The Science Behind Orthodontics: How Teeth Move and Align

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Are you considering orthodontic treatments, but you want to know how they actually work first? Read on to learn the exact science of orthodontics.

Orthodontics is a branch of dentistry that focuses on correcting “bad bites” (malocclusions) and straightening crooked teeth. While often people think of orthodontic treatments such as braces and clear aligners as being purely cosmetic, they can actually have a huge impact on your oral health as well.

Having a proper bite and straight teeth can significantly reduce your risk of oral health problems such as cavities, gum disease, and excessive wear (erosion). Not to mention it can help with other issues such as headaches or temporomandibular joint (TMJ) disorders.

If you’re getting ready to invest in an orthodontic treatment, you might be wondering how braces and clear aligners actually work to correct your various dental issues. In this blog, our team led by Farid Hanachi, DDS, PA, at Hanachi Orthodontics in Gastonia and Mooresville, North Carolina, takes a dive into the science of orthodontics.

What can orthodontic treatments correct?

When you get an orthodontic treatment such as braces or clear aligners, we can treat any of the following problems:

  • Wide gaps between your teeth
  • Teeth that are overlapping, crowded, crooked, or rotated
  • Front teeth that stick out over your bottom teeth (overbite)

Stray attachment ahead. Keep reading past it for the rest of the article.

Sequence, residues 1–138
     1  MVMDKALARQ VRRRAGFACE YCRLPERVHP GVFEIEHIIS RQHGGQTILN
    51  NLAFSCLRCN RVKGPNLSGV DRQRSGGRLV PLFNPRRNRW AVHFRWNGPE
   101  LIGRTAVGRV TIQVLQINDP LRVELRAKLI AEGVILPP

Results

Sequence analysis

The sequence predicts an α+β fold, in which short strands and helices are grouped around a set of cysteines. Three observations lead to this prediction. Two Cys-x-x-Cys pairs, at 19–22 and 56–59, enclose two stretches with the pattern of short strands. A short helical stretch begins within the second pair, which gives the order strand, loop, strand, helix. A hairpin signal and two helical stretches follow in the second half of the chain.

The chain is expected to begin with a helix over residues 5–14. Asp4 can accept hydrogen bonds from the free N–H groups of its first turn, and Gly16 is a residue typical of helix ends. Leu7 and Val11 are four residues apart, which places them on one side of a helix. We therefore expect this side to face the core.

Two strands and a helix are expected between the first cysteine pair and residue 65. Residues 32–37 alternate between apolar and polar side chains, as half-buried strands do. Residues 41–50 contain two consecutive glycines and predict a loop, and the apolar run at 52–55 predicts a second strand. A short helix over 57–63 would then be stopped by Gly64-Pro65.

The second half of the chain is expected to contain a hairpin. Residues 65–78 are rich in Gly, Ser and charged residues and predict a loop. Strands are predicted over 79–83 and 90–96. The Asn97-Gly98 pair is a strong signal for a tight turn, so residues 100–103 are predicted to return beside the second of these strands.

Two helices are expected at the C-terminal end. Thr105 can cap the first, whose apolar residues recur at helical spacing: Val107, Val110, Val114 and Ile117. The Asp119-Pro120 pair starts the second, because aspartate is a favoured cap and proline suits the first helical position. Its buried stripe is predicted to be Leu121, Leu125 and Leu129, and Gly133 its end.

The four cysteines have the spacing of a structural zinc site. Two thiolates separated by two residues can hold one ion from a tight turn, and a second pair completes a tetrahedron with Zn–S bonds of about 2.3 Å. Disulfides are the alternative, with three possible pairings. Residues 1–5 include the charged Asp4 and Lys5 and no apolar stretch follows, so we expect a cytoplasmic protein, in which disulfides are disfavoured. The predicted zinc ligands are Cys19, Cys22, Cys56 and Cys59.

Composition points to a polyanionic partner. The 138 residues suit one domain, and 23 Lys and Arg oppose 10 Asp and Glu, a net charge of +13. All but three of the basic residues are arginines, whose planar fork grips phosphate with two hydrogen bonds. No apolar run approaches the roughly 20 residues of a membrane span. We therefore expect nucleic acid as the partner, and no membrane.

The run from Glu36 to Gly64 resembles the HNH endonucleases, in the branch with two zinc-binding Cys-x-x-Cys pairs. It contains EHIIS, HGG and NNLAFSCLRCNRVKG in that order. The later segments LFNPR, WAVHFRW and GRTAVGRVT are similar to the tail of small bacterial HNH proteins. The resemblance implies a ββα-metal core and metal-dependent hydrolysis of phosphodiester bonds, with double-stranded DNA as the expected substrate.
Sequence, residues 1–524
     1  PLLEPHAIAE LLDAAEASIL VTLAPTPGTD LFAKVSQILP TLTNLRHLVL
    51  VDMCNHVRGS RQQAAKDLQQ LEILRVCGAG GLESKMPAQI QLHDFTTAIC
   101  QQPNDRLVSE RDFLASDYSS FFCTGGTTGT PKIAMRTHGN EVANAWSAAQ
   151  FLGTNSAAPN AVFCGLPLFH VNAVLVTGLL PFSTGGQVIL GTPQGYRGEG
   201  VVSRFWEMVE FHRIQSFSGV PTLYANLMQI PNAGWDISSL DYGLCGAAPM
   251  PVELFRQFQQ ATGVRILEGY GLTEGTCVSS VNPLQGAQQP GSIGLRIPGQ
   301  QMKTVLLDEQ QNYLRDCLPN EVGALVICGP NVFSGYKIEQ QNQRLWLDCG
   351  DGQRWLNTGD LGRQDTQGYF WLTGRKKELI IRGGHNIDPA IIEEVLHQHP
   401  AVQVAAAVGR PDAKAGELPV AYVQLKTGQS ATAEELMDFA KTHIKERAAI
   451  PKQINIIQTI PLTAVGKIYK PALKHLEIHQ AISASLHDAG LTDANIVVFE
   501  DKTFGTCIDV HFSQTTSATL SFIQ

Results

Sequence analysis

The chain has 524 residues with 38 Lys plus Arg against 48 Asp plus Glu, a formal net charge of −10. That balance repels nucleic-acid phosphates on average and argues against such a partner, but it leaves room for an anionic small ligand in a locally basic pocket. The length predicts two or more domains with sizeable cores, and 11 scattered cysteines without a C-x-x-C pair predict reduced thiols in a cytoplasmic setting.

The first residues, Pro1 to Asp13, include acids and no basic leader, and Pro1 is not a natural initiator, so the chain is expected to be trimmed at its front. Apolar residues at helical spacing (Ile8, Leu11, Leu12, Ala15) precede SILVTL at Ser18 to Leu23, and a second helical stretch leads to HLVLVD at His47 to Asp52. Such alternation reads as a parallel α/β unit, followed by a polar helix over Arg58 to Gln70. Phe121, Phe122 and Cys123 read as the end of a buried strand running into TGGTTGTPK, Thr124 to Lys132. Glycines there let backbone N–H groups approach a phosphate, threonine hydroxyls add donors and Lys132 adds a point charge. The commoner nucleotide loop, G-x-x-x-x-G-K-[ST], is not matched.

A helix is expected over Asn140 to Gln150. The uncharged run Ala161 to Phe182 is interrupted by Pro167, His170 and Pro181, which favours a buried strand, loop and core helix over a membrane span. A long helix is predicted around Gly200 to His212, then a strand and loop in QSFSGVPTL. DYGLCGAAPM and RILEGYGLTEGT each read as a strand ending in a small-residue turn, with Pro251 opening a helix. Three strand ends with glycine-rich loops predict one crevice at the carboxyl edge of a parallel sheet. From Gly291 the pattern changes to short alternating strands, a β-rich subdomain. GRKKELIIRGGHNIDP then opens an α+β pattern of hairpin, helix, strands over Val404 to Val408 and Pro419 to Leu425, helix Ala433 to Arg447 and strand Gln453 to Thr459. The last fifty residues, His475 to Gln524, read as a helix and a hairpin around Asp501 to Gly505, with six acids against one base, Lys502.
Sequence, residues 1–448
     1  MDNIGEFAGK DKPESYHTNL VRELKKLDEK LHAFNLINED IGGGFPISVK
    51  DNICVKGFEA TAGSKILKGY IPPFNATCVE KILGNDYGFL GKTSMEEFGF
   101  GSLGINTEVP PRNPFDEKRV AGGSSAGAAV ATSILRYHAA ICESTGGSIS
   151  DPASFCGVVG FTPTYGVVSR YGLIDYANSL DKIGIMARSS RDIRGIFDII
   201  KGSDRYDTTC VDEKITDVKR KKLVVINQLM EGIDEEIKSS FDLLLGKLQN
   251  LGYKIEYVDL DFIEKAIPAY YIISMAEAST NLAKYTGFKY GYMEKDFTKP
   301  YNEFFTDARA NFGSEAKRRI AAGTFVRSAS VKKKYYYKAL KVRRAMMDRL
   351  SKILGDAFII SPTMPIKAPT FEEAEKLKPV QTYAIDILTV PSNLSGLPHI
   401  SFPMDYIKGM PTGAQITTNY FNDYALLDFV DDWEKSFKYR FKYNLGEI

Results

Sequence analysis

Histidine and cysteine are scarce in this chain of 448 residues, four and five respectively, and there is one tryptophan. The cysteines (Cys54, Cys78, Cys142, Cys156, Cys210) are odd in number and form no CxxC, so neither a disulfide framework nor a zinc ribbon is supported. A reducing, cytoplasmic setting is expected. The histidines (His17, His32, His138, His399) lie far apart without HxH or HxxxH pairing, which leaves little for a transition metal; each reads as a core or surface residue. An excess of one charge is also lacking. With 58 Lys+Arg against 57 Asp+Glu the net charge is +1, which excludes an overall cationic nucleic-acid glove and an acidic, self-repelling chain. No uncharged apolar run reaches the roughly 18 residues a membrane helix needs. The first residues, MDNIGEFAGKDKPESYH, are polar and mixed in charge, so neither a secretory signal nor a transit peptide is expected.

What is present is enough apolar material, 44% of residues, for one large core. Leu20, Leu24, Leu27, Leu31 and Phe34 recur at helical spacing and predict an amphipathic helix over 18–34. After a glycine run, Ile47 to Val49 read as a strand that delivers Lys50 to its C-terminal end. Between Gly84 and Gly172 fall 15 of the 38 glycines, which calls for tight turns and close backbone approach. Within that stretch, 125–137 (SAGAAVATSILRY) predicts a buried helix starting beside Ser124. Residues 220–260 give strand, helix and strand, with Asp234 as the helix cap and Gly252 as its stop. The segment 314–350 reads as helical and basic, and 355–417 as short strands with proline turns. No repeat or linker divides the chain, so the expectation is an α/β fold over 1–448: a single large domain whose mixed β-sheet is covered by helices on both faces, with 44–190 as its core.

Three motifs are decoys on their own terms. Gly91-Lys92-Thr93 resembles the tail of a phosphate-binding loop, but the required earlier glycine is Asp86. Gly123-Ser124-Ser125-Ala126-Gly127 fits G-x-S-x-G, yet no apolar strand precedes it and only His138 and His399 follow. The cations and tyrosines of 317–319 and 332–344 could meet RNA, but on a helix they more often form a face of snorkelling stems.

• Bottom teeth that stick out over your top teeth (underbite)

Getting orthodontic treatments can also help with chewing and speech function.

How does each orthodontic treatment work?

There are three main types of orthodontic treatments that we offer at Hanachi Orthodontics: braces, clear aligners, and retainers. Let’s take a closer look at each one.


Traditional metal braces are made up of brackets, bands, and wires. The bands are secured to your teeth and act as an anchor the entirety of the appliance. The brackets are then placed on the front of your teeth and the wire slides through them. Over time, the wire is tightened to encourage your teeth to move.

Braces are able to move your teeth by exerting constant pressure on them for long periods of time. Your teeth aren’t actually directly connected to your jawbone. Instead, there’s a layer of membrane that acts like a shock absorber between your teeth and your jaw bone. This membrane responds well to the pressure of braces which is why your teeth are able to change positions.

Clear aligners

Clear aligners are a great alternative to metal braces since they’re made up of a clear, hard plastic, making them much more discreet than traditional braces. When you have clear aligners, you wear a series of custom trays that are uniquely designed to move your teeth to their new desired position.

Clear aligners work very similarly to braces since the pressure from each tray slowly moves your teeth to their new positions.


After you’ve finished your orthodontic treatments, you’ll want to wear a retainer to “retain” your new smile. Right after your braces are taken off or you’ve finished your series of aligner trays, your teeth are going to want to move right back to their original positions.

Wearing a retainer helps your teeth (and that underlying layer of membrane) know to stay put even after the initial orthodontic treatment is complete.

To get started with effective orthodontic treatment, contact our team to set up an appointment at either of our offices in Gastonia or Mooresville, North Carolina. Simply call your nearest office location or book online.